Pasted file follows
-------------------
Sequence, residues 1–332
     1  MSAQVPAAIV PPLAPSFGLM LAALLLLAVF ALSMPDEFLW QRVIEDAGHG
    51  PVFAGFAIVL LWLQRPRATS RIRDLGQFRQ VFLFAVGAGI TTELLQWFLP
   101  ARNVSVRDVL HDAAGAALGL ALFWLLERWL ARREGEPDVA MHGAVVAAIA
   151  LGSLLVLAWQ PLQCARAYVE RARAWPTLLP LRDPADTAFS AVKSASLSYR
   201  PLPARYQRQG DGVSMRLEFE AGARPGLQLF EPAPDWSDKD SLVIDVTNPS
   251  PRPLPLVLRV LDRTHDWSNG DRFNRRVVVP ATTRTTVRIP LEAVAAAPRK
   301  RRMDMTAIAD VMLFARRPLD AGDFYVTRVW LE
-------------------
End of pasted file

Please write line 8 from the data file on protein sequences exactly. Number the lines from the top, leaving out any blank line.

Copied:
   301  RRMDMTAIAD VMLFARRPLD AGDFYVTRVW LE